"Many there are
Who would stay in the tranquil
Valley of ignorance,
Where the children play
And butterflies dance in the sun
For their short hour of life.
But none can tarry there long,
And ahead rise the somber
Mountains of learning.
Many there are who fear to cross,
And many there are who have fallen bruised and bleeding
From their steep and rugged slopes.
But faith is the guide
Over the gaping chasm,
And perseverance the foothold in the jagged rocks.
Beyond the icy peaks of struggle
Lies the peace and beauty of the Infinite Garden of Knowledge,
Where the meaning of the Law
Is made known to the Children of Light."
(pages 64-65 of the edition I have)
I’m always excited by theories/scriptures/wisdom that track with other sources. To me, it sounds like the “mountains of learning” in the Essene Gospel could be a combination of Lazaris’s Bridges of Faith and Belief – but without arguing the small points, isn’t the similarity of concept striking?
As Lazaris notes, there is no right and wrong about how you get Home. Both Bridges exist to take us to God/Goddess/All That Is (Lazaris’s term) – and we choose which is right for us at any given time.
My last blog about “Hill blocks view” sign where I mentioned the overpasses on the interstates in Illinois called to mind something else about hills.
Many years ago I read a book titled, The Sacred Journey: You and Your Higher Self. It is authored by a channeled being who goes by “Lazaris.” The man who brings Lazaris’s message through is Jach Pursel. One concept that I have remembered until this day is that of the Bridge of Faith and the Bridge of Belief. (pgs. 95-97 in the first printing that I have.)
The Bridge of Faith, Lazaris says, is long and flat – “like a railroad track in Kansas.” (Or an Interstate in Illinois.) The Bridge of Faith goes on to the end of time or, as the book wryly notes, it actually goes on until it is beyond time (as time and space are illusions of our third-dimensional existence.) Lazaris says that those who practice Traditional Spirituality are crossing the Bridge of Faith.
He goes on then to talk about the Bridge of Belief – which I leave for another post.
Lazaris is able to differentiate between Faith and Belief – and, through his “bridge” analogy, it makes sense. However, I just looked up the definitions of both and there is not much variation according to Mr. Webster. In fact, the definition of “faith” uses the word belief: “A strong belief or trust in someone or something.” (http://www.merriam-webster.com/dictionary/faith). The distinction seems to be that “belief” is defined as “A feeling of being sure… that something is true (Italics are mine).” (Website reference not provided as the Webster site I used got blocked by our security system -- sorry!)
Ahhhh… (as in, now I see…) So faith involves belief (a thinking thing) and belief involves feeling (an emotional thing)?
Since Webster’s also offers an explanation of the term “on faith” as meaning “without questioning,” (same source as noted above), I am going to take that as the clue. Those traveling the Bridge of Faith do so without questioning.
Well, isn’t that really what faith is about? Taking the word of something/someone else that the tenets we follow are true? Is it even right to question such a thing?
I have recently started reading about Kabbalah, the practice of Jewish mysticism. What has made a big impression on me is just how much is questioned in this tradition! The books of the Zohar illustrate spiritual principles via the experiences and teachings of rabbis who questioned everything from whether a passage in scripture makes any sense, to the meanings of colors, to whether miracles are ordinary or extraordinary. In fact, one of the main practices of Kabbalah is to always question!
One could argue that all this questioning is within the realm of thought – and I agree. Yet, when one finds the answer, is it simply a matter of “faith” (“OK, I’ll take it at that”), or is there perhaps some inner kindling of a spark of recognition? The Ah hah! Something that takes one from the “I’ll take this on faith” to the “I know, deep down, this is true”?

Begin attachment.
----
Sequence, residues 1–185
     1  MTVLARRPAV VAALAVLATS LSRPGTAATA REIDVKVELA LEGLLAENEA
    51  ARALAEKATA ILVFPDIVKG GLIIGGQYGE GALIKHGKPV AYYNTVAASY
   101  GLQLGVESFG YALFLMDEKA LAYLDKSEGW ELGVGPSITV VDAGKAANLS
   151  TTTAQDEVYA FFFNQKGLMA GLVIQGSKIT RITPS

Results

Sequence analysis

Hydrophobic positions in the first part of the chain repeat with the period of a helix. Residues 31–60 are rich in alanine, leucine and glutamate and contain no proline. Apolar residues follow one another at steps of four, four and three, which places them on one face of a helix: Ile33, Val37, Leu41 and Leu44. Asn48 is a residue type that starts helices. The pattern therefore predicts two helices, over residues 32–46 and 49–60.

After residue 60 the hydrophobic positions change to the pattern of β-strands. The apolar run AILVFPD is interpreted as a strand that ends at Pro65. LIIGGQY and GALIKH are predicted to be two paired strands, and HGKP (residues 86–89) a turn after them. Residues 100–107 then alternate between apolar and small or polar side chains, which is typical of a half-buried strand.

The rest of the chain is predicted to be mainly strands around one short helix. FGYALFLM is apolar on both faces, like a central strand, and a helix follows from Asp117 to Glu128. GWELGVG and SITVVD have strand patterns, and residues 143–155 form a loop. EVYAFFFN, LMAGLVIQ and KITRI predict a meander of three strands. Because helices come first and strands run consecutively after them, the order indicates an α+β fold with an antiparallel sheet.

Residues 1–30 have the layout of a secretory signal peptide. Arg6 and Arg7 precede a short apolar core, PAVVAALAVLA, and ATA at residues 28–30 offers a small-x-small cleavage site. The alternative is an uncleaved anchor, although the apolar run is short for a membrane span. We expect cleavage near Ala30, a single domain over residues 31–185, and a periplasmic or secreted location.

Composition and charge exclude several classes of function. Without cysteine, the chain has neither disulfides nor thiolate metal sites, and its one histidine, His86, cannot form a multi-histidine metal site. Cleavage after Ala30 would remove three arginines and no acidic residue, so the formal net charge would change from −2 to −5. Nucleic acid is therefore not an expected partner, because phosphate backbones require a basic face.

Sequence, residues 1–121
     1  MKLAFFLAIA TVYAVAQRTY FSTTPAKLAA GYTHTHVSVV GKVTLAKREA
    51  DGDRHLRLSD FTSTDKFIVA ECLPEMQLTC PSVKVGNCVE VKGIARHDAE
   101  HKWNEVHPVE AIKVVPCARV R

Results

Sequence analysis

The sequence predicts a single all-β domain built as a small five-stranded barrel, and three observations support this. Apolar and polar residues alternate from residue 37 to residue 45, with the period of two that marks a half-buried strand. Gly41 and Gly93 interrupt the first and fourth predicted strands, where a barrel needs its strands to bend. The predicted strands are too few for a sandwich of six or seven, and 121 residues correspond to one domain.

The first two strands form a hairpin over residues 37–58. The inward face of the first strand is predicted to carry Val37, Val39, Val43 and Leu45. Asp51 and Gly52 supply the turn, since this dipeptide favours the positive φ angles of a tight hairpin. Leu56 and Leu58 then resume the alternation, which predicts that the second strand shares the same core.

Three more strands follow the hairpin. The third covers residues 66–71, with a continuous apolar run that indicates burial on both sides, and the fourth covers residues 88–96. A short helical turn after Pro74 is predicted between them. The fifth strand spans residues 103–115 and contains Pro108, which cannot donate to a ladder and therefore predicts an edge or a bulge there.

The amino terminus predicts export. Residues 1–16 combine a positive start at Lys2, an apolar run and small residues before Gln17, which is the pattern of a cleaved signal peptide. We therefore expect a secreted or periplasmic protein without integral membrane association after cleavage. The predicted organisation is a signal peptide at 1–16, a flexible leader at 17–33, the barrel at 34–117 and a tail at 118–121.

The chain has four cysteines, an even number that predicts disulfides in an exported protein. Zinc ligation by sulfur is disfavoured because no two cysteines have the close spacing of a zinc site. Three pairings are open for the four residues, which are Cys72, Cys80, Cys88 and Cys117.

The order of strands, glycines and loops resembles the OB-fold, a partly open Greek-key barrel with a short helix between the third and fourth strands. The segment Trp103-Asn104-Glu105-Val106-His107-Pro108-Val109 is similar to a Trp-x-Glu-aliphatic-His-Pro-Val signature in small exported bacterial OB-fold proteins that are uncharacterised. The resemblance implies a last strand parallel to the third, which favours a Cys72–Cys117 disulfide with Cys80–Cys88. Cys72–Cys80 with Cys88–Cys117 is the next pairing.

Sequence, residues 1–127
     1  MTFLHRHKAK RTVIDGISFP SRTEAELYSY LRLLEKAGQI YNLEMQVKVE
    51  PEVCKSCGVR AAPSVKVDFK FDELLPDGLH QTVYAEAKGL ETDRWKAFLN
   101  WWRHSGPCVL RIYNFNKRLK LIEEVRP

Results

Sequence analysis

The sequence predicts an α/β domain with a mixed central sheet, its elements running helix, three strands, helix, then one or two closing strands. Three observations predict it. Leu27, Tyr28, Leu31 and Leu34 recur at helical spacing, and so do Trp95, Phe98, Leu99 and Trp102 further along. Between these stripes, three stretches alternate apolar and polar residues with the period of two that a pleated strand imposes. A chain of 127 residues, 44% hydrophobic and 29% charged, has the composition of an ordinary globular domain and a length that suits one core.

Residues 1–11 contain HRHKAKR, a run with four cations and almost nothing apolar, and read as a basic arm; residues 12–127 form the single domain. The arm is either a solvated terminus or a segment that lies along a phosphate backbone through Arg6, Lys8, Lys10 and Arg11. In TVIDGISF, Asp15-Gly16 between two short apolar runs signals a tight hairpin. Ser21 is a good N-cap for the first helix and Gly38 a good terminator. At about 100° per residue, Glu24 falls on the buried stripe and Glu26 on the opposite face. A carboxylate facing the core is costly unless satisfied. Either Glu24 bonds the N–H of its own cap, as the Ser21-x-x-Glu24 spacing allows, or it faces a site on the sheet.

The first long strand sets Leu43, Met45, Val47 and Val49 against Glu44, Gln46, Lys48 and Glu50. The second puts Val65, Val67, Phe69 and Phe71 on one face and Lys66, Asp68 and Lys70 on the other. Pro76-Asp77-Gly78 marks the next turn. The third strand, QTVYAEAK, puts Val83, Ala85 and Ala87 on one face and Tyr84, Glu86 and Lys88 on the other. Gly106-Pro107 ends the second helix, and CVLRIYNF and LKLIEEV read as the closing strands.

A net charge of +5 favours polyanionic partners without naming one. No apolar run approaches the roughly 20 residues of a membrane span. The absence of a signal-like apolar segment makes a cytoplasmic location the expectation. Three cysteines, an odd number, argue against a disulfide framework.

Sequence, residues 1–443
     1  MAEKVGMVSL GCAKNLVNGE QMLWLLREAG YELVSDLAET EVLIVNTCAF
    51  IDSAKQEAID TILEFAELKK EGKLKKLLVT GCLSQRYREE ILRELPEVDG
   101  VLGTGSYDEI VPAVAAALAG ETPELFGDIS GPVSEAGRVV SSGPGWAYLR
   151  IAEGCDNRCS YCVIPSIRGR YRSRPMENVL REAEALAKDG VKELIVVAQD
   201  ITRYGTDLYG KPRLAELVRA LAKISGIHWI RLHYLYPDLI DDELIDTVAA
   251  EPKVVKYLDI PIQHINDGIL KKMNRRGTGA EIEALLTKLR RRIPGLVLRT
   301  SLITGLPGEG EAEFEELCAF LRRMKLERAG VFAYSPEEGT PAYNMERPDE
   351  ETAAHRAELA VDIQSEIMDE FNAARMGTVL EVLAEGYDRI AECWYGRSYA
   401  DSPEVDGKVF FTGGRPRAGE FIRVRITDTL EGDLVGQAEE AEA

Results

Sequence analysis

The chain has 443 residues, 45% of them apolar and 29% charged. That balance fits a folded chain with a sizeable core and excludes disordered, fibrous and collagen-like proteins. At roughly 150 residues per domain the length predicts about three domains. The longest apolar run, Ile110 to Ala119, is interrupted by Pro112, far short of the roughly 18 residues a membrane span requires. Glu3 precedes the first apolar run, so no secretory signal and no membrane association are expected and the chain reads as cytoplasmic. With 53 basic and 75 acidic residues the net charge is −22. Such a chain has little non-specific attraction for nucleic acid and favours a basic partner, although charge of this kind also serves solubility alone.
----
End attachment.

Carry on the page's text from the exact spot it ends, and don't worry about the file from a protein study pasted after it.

Till next time, I leave you to ponder…
My first blog post! Stay tuned for musings on anything from Numerology, the Essene Gospels, Gnosticism, Sound and Vibration, and of course, Journeys, both inner and outer.
But I'm starting with something more whimsical. Anyone remember Teslas’ song, “Signs”?
The chorus goes:
“Signs, signs, everywhere there's signs
Fuckin' up the scenery, breakin' my mind
"Do this, don't do that", can't you read the sign?”
My website has recently been re-activated with a new look, and may have its own “Signs.” For example, I took a trip to Florida recently to join Lorraine Hendry Meyer, a Eupsychia-certified colleague, in offering an Integrative Breathwork event. She was also kind enough to arrange for me an evening book-reading from my novel, The Crystal Cave, that included providing attendees with an experience of Jonathan Goldman’s chakra toning. I’m very grateful to Lorraine for also giving me the privilege of using her healing room for some tuning fork sessions while I was there.
So…. You may be wondering what does this have to do with signs?
I am one who tends to read signs. I can also speak from experience that there are those who do not. Which is OK. But here are some signs I’m very glad I caught.
When crossing the Georgia/Florida border, on I-95 going south into Florida: “Goodbye peaches. Hello beaches.” Clever, no?
On the approach to Blue Spring State Park in central Florida the road goes up a slight rise. I mean, slight. Perhaps like overpasses on the Interstate in Illinois, where jokes have it that those overpasses are the highest points in the state. It would barely qualify as a bump in Spokane where I live, and would be non-existent in mountain states like Colorado or Wyoming.
The point, please? As one comes up to this rise, there’s a sign on the right – you know, one of those diamond-shaped yellow traffic signs – that reads “Hill Blocks View.” I had to guffaw. You think??? That merited a photo. Call me crazy if you like.
There will be more on signs "down the road somewhere" in a future post. (Perhaps on the other side of that hill!)
Till then, keep an eye open for those little treasures!
Susan C. Moyer, MSW
Is a sound healer and transformational coach. She has 25+ years experience in using alternate states of consciousness to access deeper healing on all levels: physical, psychological, mental and spiritual.